Mark Smithers reports on the West Lancashire Light Railway, a family-friendly operation which has just celebrated its 50th anniversary after starting from humble beginnings in 1967.
IN 1878, the standard-gauge West Lancashire Railway was opened from Southport to Hesketh Bank, with a through connection to Preston following in 1882. This line remained in use until 1964, when it fell victim to the Beeching cuts, removing Hesketh Bank from the main line map altogether as a consequence.
Six schoolboys from King George V School in Southport, already members of the Narrow Gauge Railway Society, decided at this stage to ensure the survival of a representative collection of 2ft-gauge industrial equipment in the area, on the site of an abandoned clay pit belonging to the Hesketh Bank Brick and Tile Works (also known as ‘Alty’s after its corporate proprietor, Henry Alty Ltd), which had been established following the discovery of clay during the building of the West Lancashire Railway.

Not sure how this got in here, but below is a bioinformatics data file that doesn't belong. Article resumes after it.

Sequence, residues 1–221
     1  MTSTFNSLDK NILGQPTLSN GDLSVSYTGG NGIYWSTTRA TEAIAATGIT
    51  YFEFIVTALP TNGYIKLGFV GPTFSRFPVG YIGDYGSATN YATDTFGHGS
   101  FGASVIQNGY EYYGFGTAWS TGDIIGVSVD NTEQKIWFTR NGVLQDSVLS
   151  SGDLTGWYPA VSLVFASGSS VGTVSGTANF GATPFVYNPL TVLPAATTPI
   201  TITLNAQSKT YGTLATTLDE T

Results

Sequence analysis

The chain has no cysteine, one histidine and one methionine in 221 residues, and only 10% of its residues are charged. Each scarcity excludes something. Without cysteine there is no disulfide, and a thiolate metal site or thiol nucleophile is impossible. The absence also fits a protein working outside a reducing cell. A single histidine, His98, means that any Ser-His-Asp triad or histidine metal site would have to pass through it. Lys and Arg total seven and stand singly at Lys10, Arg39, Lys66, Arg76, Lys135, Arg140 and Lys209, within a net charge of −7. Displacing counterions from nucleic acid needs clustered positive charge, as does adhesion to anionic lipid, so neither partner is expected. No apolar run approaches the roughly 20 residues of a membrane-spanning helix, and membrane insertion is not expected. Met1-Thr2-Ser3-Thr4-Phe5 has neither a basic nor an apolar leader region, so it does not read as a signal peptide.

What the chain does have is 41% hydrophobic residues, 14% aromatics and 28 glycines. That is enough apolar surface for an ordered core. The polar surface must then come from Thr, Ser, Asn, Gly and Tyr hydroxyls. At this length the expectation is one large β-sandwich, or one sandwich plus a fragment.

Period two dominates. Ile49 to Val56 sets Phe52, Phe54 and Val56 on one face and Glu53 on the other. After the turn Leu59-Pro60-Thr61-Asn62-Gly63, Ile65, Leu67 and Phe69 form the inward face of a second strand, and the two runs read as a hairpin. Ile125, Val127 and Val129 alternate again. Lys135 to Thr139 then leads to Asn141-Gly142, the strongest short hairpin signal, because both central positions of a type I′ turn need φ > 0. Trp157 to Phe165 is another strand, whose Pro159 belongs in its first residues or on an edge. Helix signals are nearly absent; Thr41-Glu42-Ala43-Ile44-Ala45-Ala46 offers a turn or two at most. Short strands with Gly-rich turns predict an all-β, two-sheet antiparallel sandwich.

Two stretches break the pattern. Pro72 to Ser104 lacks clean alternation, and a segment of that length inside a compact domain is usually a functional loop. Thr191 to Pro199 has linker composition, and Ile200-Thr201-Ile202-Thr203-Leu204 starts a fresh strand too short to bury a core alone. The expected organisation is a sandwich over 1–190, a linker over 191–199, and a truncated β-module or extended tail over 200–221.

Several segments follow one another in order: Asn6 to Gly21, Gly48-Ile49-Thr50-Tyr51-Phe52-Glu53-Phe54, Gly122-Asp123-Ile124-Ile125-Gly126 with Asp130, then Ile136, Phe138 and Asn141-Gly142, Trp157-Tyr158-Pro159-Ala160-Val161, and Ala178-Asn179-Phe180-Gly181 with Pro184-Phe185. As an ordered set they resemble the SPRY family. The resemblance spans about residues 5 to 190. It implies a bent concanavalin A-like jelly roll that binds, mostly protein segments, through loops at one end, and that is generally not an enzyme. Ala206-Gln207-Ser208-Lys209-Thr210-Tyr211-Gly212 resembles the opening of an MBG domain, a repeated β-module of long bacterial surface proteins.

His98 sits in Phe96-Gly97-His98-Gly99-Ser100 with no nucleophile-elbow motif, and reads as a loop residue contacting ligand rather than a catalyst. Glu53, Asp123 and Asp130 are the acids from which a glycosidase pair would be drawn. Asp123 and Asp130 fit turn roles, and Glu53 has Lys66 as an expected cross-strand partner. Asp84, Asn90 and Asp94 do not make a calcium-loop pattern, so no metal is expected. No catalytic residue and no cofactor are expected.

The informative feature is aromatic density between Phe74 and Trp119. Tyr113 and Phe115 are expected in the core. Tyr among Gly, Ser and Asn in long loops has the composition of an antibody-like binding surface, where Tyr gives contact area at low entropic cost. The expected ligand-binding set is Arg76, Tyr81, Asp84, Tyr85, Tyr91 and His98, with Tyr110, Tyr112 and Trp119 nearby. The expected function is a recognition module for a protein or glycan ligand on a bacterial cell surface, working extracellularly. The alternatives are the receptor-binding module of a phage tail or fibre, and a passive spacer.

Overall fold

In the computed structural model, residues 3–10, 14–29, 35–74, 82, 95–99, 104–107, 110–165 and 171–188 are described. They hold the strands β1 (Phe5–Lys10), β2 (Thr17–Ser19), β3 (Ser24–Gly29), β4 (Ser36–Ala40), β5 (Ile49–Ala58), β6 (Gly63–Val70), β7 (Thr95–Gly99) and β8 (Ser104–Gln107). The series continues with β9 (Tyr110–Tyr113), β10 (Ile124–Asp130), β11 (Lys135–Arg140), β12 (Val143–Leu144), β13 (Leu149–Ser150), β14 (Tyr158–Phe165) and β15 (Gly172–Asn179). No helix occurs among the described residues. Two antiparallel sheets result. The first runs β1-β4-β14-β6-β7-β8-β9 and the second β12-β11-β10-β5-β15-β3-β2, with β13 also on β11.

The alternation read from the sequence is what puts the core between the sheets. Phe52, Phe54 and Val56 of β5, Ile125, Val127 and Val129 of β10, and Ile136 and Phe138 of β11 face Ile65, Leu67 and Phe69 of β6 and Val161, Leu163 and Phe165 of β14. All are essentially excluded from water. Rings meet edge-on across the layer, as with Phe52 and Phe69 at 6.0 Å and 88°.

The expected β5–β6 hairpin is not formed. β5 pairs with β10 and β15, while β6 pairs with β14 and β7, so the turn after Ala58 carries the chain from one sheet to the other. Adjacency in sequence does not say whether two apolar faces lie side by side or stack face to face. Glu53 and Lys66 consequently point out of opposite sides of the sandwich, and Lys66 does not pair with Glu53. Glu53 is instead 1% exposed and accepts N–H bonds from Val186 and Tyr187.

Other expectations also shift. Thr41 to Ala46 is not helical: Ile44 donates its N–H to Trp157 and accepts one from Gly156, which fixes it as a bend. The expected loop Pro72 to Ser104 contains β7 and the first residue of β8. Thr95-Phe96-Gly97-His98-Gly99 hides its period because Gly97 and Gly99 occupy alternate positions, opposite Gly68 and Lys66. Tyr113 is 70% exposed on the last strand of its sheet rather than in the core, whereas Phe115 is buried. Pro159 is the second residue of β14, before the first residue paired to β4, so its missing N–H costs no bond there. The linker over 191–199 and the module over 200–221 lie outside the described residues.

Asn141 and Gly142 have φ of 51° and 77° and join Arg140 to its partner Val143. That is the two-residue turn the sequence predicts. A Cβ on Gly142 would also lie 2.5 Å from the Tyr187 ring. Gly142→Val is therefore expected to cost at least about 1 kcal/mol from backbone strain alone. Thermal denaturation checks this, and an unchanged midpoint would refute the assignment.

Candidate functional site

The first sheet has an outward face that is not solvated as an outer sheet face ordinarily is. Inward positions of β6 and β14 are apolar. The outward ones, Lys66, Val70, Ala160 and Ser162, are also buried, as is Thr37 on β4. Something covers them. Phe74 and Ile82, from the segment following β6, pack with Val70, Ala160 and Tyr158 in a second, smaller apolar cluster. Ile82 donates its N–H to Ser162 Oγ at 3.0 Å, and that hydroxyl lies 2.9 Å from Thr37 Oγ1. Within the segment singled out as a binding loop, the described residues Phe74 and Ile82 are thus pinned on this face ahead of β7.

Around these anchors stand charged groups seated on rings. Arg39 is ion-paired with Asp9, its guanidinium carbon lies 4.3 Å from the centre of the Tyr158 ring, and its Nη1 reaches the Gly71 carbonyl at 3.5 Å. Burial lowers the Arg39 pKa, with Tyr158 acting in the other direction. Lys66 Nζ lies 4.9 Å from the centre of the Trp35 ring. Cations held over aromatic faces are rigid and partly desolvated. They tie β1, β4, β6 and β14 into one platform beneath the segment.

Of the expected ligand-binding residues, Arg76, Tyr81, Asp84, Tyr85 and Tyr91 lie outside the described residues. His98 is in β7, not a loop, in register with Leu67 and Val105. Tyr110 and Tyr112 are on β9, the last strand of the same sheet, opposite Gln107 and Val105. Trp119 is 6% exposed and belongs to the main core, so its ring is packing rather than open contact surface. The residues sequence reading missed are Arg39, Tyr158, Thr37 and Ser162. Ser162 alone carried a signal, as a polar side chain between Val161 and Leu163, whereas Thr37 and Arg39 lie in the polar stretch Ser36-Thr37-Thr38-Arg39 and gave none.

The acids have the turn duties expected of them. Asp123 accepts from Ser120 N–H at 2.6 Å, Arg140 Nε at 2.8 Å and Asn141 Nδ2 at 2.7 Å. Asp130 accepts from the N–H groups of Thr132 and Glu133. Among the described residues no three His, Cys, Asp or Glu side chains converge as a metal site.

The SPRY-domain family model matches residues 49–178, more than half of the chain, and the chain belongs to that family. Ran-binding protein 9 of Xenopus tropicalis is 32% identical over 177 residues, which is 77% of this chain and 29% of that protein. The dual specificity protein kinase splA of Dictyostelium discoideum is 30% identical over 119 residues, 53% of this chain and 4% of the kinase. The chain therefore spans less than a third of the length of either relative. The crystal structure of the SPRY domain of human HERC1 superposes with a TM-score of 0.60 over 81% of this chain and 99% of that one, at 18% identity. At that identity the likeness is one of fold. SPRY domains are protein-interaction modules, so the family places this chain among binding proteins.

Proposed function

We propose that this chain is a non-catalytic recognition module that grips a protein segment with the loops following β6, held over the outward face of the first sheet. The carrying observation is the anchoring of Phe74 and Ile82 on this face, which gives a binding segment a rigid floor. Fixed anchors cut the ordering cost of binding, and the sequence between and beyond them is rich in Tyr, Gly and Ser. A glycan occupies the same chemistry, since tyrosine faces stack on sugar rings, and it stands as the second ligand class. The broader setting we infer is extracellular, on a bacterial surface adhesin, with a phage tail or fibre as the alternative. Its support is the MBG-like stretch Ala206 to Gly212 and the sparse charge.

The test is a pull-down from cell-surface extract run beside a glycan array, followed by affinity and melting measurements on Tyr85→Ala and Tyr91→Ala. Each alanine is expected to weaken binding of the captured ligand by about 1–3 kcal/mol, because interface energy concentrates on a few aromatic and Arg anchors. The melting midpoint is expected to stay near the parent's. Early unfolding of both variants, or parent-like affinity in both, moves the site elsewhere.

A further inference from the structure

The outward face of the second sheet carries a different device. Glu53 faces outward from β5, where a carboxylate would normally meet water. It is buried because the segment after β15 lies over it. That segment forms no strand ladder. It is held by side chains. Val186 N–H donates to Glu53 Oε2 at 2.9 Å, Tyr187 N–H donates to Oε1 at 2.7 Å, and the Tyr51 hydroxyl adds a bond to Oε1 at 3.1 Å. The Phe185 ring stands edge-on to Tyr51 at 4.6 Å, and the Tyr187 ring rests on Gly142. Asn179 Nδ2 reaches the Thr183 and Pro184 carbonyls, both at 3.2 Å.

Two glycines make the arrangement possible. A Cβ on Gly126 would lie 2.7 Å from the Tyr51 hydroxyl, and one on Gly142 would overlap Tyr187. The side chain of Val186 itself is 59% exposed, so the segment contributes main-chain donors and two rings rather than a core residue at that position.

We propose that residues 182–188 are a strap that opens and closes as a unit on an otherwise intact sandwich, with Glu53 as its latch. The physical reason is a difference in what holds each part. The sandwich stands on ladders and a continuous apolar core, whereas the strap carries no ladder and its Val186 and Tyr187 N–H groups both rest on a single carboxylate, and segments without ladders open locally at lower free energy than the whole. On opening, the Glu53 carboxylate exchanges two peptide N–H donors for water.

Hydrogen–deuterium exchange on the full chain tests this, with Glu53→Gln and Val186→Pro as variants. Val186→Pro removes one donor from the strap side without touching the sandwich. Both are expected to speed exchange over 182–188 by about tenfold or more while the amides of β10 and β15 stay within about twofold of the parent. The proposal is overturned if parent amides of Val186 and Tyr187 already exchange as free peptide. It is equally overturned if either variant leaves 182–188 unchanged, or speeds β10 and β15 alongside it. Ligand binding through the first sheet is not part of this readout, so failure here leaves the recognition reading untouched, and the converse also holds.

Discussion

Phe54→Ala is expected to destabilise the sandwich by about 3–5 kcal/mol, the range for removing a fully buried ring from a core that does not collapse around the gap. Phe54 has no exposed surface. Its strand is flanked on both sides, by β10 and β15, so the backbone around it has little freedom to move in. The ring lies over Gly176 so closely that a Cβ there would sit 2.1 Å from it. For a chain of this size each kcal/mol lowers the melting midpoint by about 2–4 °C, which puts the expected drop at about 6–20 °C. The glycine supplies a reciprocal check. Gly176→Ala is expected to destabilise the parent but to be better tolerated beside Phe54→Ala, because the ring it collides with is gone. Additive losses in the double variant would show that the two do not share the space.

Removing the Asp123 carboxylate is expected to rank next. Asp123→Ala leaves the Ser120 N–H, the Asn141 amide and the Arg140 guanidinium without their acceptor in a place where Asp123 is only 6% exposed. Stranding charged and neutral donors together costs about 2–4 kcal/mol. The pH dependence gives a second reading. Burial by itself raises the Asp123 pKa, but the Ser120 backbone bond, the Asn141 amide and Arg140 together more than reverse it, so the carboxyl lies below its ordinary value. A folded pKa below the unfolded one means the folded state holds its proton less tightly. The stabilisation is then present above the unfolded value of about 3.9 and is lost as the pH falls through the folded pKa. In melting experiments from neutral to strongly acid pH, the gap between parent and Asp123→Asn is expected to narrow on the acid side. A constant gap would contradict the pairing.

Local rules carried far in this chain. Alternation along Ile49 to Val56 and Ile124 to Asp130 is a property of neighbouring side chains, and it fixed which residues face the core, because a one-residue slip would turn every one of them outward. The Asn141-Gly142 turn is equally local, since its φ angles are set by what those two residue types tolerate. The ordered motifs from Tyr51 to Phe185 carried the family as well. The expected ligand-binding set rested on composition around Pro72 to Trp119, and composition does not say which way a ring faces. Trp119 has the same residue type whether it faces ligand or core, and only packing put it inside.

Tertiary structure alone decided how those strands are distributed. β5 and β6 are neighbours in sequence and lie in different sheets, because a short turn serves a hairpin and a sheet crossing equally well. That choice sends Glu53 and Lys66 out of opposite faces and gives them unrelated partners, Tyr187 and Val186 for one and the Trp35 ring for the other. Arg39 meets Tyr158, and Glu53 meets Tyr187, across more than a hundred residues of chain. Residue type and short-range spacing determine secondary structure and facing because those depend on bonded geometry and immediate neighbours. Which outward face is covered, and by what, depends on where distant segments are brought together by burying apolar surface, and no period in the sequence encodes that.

The new venture began in earnest in September 1967 following the closure of the nearby Burscough Brick and Tile Co Ltd’s narrow gauge railway system and initial efforts on the part of the schoolboys to acquire a Lister petrol locomotive from the site. These proved abortive, but Ruston & Hornsby 13hp
four-wheel diesel locomotive Clwyd (264251/1951) was bought soon afterwards from the same source.
Fortunately, one of the schoolboys had a family connection with Henry Alty’s Ltd, and Clwyd duly arrived at the Hesketh Bank site on April 6, 1968, by which time 150 yards of track for the new West Lancashire Light Railway had been laid, and construction work had begun on a new brick-built shed for the locomotive.
In 1969, a second Ruston & Hornsby Diesel – Tawd (222074/1943) – was acquired, this time built to the larger 20hp specification. Passenger rolling stock for the embryonic line was obtained in the form of two ‘Silver Belle’ bogie carriages disposed of as redundant by the Southport Pier Railway. By 1970, the track extended to 370 yards, and the railway’s route was taking shape around two sides of an abandoned clay pit, once used as a source of raw material by Henry Alty’s Ltd.
Read more in the March issue of The RM – on sale now!